Doctors experiment with seeing several patients at once.
79-year-old Al Abram has pulmonary hypertension, which can cause shortness of breath and fainting, and he's not alone.
In fact, several of the people observing his visit with Dr. Frank Rahaghi have the same condition.
Patients take turns seeing their pulmonologist in a Cleveland Clinic conference room in Weston, Florida during shared medical appointments.
"I find it very beneficial having everyone around with a chronic illness, comparing medicine, how you feel," said Abram.
Dr. Rahaghi presents an information-packed lecture to his group of patients before he starts to see them.
"Bringing patients together at the same time and explaining to a big group has the educational advantage of leveraging the physicians time," said Dr. Rahaghi.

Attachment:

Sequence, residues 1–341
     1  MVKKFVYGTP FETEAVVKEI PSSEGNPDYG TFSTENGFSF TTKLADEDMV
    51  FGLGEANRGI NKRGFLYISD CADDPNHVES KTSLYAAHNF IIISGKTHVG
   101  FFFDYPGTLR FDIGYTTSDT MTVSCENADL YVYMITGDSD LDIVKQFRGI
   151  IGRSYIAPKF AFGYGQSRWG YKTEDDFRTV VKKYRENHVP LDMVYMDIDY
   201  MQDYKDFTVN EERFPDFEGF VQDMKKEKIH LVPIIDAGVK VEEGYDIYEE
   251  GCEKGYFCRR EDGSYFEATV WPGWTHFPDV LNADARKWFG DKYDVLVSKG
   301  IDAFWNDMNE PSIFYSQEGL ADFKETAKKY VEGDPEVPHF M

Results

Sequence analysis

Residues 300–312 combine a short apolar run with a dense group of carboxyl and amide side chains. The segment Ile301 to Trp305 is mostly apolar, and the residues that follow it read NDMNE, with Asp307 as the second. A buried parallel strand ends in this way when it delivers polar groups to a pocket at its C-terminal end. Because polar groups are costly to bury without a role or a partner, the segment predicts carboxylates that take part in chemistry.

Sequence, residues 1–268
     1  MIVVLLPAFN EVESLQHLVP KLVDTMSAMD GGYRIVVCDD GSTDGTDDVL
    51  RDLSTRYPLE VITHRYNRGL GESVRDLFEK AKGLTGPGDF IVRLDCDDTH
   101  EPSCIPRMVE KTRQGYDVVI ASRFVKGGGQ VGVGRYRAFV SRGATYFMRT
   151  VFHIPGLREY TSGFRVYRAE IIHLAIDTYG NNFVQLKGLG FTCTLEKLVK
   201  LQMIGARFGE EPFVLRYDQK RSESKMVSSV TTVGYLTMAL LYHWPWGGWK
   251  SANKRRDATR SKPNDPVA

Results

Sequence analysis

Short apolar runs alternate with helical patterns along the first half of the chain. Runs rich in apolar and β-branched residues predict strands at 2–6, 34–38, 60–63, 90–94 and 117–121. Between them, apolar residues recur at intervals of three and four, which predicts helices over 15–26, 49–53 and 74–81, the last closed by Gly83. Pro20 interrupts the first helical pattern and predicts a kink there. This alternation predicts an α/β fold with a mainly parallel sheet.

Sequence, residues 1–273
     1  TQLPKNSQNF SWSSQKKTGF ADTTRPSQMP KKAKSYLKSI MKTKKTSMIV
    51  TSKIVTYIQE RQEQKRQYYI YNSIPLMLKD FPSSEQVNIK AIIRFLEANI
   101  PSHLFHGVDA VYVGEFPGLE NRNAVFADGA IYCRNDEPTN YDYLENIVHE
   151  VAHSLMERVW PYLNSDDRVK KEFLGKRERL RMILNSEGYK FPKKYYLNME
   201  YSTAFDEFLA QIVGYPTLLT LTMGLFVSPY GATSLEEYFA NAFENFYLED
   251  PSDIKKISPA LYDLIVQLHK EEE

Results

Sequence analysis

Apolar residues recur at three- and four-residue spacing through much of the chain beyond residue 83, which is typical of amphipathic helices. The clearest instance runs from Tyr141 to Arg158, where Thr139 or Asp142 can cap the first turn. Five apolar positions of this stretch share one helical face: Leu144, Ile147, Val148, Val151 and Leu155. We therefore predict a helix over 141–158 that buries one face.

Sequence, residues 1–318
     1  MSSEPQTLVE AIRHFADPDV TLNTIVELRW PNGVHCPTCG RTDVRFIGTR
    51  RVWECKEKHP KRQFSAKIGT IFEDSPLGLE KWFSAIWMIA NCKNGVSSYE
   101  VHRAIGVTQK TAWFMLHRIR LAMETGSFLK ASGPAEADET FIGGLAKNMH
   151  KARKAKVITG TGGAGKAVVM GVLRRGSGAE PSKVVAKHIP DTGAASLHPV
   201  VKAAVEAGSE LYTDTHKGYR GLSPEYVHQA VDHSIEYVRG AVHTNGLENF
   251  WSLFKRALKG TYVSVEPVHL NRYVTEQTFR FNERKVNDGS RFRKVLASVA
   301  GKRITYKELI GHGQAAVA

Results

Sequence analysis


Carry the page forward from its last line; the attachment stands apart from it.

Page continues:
Cleveland Clinic was the first in South Florida to introduce the concept of shared medical appointments.
The group visit model is expected to become more popular because of health care reform.
Dr. Rahaghi says it will be beneficial to meet the needs of a lot of people at one time.
It's also part support group: patients learn from each other.
While Howard Saresky describes this experience as enlightening, he added, "One on one I can talk to the doctor and ask personal things, not that I can't do that here but I don't want to take up the time."
Dr. Rahaghi agrees group appointments are a valuable tool for managing chronic diseases, but not a substitute for a private visit between patient and physician.
"Because there needs to be one on one time where we share secrets or want to chastise them not in public or have a meaningful discussion or important discussion that I think may be inappropriate for others," he said.
The pulmonary hypertension group will spend about three hours with their doctor and his team.
Billing for a shared medical appointment is the same as for a private visit.